“If you think about it, you are transplanting a tooth under the soft tissue, in the gums,” says Sharpe. “That tooth has to erupt and form roots so it’s connected. If you can’t form a root, there’s no point doing any of it.”
Indeed, a group of researchers from the University of Southern California (USC) recently regrew tooth roots in pigs using adult stem cells from wisdom teeth. The team, led by Songtao Shi, assistant professor of USC’s School of Dentistry, isolated stem cells from the extracted wisdom teeth of 18-to-20-year-old humans. From these cells, the researchers successfully recreated a tooth’s root and periodontal ligament, which, when transplanted into the oral cavity of a pig, could support a synthetic crown. Shi says it is a promising start, and his team hopes to begin human trials within the next few years. Eventually, he envisions being able to isolate stem cells from sources such as wisdom teeth, then store them for future use should the patient require dental attention down the line.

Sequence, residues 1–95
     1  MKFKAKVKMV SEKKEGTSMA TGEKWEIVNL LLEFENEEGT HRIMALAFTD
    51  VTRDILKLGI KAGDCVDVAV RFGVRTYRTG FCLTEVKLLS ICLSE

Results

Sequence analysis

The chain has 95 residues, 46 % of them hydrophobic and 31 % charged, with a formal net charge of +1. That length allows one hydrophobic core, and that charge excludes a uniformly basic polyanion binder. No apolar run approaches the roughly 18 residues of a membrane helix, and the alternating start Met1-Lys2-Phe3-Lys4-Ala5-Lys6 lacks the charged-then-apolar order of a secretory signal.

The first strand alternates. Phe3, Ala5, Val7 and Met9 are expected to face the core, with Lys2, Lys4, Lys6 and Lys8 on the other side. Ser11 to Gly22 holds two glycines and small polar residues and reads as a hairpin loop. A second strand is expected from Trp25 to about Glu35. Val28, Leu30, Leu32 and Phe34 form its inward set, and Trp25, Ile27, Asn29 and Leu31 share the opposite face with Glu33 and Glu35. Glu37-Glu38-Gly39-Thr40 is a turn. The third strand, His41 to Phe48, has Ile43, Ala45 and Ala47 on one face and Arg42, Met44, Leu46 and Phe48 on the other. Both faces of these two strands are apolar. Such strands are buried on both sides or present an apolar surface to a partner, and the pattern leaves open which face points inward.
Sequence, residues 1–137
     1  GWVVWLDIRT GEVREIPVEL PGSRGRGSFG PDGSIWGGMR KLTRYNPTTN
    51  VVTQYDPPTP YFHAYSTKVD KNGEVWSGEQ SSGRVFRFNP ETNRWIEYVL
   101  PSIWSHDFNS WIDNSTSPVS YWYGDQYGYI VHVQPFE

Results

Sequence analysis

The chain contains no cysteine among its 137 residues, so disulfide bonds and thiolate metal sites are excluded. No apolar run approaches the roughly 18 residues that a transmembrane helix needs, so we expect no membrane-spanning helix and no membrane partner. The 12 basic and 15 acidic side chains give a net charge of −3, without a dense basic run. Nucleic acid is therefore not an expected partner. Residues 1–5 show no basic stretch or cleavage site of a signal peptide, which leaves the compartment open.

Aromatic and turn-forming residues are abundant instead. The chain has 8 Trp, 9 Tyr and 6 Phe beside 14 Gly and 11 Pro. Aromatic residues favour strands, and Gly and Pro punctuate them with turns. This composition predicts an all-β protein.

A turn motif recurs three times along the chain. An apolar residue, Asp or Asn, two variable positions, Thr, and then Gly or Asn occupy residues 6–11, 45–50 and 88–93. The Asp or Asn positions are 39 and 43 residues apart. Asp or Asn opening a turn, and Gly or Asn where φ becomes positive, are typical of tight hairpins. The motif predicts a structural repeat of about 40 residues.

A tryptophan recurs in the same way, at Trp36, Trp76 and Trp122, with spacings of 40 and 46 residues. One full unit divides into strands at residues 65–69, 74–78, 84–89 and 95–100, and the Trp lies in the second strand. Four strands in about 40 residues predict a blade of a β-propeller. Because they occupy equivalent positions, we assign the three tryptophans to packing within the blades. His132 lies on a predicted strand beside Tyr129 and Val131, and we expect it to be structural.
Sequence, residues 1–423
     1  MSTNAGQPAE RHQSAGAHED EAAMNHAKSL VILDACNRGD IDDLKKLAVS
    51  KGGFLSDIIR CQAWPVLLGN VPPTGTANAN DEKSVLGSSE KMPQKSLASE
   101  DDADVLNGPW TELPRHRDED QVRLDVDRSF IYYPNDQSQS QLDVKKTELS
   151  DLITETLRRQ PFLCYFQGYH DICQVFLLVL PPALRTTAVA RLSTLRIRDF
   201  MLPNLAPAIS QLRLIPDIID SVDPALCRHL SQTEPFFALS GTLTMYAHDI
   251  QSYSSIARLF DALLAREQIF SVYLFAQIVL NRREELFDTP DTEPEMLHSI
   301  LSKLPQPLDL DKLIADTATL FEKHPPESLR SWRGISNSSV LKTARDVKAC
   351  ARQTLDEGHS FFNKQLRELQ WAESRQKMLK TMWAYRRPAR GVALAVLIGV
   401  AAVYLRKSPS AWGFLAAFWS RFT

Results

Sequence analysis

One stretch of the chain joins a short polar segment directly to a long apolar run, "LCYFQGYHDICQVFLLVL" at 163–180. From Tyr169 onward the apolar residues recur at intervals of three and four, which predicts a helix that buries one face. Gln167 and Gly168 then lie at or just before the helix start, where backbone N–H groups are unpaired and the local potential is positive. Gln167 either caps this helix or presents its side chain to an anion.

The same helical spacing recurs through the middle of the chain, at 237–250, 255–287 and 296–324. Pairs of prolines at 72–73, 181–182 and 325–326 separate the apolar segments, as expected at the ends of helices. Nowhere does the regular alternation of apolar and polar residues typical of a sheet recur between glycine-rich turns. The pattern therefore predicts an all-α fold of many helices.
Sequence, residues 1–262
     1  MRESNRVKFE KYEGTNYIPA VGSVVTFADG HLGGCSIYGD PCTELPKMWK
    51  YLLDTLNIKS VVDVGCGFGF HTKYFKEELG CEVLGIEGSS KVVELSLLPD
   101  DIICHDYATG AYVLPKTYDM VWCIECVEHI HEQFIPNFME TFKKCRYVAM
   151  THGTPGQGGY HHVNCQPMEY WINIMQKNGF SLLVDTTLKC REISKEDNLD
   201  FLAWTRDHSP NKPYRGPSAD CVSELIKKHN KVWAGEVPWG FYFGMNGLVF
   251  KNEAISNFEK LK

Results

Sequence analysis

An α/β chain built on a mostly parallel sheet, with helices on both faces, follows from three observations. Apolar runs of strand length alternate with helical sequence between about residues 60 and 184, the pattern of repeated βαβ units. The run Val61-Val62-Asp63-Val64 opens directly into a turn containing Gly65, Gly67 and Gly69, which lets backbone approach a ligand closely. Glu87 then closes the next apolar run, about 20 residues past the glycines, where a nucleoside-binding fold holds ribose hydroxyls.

In the next few years, Shi, Sharpe, and others anticipate great strides in the area of tooth regeneration. As Sharpe sees it, the work being done in his field may help researchers in other areas of tissue engineering.
“I like to think that the fact that we are working on an organ where the surgery is easy to do and accessible will mean we can iron out some of the problems more easily in a patient,” says Sharpe. “If we do something in a patient and it doesn’t work, it’s very easy to correct: the patient just has to come in and open his mouth. If doing that with a liver or a heart, it’s not quite so easy. So we might prove certain principles of organ engineering.”